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Editorial: Rise up

Good journalism needs to emerge from adverse of conditions
Representational image.
Representational image.
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The Editorial Board   |   Published 20.12.21, 12:24 AM

It should not take a public intervention from the Chief Justice of India for the country’s news media to seriously reflect on their current state. Speaking at a book release last week, N.V. Ramana lamented that “the concept of investigative journalism is, unfortunately, vanishing from the media canvas.” This, he added, was particularly true in India. Sadly, his judgment is indisputable. Katharine Graham, the legendary former publisher of The Washington Post, had famously said: “News is what someone wants suppressed. Everything else is advertising.” Going by Graham’s barometer, Indian journalism is, at the moment, flooded with advertising — albeit of the kind that does not necessarily support the economics of a genuinely free press. The country’s news media has a hallowed history, from its role in challenging British colonialism to its contributions in exposing and standing up to multiple governments since Independence. Yet, today, far too often, media organizations feel obliged to behave like uncritical cheerleaders of the government of the day, monopolies and other powerful entities.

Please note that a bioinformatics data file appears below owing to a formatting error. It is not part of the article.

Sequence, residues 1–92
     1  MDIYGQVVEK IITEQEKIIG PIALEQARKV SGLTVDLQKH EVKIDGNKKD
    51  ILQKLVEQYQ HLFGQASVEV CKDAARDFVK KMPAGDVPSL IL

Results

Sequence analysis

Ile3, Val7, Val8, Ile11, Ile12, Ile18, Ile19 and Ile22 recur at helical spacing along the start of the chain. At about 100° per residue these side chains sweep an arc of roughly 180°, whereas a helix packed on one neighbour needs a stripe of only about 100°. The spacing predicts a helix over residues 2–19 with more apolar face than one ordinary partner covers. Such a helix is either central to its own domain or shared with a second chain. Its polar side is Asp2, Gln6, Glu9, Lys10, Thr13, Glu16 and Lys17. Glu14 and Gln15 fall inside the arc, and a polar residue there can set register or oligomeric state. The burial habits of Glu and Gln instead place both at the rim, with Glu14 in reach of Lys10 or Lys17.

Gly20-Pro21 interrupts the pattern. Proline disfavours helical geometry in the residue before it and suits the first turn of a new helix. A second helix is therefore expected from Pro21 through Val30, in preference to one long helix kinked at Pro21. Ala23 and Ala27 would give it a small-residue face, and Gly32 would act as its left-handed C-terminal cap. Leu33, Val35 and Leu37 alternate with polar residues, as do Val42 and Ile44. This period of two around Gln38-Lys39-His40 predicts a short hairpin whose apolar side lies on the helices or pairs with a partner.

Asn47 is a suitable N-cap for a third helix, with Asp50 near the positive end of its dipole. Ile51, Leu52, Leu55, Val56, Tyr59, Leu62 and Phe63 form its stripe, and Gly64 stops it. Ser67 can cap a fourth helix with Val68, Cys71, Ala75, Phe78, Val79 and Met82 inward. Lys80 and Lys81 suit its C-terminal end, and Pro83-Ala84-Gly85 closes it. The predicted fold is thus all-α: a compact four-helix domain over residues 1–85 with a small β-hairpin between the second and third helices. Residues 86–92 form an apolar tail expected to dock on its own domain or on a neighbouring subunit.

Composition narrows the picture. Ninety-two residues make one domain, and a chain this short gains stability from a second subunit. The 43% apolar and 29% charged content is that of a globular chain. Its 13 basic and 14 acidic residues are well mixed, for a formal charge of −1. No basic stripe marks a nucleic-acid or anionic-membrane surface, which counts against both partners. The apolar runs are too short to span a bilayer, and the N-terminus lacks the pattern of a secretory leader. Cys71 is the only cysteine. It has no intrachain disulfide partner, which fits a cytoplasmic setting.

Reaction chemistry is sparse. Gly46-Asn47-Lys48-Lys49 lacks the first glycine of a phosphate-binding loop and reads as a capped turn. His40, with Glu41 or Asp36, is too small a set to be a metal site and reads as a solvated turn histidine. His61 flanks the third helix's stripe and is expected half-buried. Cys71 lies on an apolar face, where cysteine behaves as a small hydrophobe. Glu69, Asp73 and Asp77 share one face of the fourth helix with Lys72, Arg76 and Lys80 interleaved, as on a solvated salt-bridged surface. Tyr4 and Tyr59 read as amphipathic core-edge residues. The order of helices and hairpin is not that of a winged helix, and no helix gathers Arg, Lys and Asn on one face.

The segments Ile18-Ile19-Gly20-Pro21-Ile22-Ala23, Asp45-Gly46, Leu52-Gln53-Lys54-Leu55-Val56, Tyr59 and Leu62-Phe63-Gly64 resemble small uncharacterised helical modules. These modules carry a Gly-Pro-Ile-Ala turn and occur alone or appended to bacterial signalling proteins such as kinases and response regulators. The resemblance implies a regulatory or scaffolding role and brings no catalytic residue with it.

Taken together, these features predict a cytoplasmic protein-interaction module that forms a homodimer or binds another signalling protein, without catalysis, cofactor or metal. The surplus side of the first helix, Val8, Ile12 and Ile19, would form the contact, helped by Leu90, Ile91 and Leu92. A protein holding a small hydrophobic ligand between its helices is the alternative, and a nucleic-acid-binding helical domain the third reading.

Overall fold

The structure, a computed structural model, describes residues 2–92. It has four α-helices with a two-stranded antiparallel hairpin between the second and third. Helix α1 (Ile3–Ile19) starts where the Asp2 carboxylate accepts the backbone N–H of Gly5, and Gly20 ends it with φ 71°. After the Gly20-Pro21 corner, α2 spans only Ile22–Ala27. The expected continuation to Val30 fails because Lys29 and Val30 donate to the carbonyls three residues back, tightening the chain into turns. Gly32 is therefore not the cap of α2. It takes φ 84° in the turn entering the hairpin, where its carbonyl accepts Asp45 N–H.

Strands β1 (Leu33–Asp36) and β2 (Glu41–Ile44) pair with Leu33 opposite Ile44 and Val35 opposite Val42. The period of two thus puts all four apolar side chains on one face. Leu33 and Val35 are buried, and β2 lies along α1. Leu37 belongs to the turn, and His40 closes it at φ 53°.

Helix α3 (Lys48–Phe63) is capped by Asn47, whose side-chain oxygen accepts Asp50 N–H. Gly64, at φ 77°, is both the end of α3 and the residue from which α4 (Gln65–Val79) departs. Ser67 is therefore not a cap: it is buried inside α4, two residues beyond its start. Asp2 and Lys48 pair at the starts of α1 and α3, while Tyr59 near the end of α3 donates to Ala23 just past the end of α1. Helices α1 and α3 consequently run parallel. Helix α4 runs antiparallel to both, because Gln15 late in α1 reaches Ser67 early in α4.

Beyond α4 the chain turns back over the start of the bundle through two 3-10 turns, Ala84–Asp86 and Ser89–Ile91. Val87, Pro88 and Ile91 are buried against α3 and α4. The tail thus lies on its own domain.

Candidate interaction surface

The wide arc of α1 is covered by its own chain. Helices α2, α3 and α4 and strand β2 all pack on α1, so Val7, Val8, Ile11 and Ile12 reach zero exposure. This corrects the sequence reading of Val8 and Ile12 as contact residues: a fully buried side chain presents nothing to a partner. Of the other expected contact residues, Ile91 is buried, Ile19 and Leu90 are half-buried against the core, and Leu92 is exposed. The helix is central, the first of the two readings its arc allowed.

The reasons for this crisis start with the industry’s fragile economic foundations. The digital disruption of the past two decades has ravaged traditional financial models without offering a clear, long-term alternative. This uncertainty leaves Indian media companies more dependent on government advertisements and subsidies and susceptible to pressure when it comes to reporting all that is damaging to those in power. Globally, the rise of jingoistic nationalism and political polarization has enabled governments to portray journalistic scrutiny of their actions as biased, with an army of online trolls ready to threaten, harass and abuse reporters and editors — especially if they are women or belong to religious minorities. Phones of Indian journalists have been hacked and spied on using malware like Israel’s Pegasus, which is sold only to governments. Reporters are increasingly being arrested while doing their job — most recently in Tripura. According to a recent report by Reporters Without Borders or RSF, India is one of the world’s five most dangerous countries for practising journalism, with four reporters killed just this year. Meanwhile, corporate behemoths are using defamation suits to try and bully upstart digital media outlets that publish exposés on them. These are hardly encouraging conditions for investigative journalism to thrive in. But all is not lost. Throughout history, some of the greatest journalism has emerged in the most adverse of conditions. It needs to, once more.



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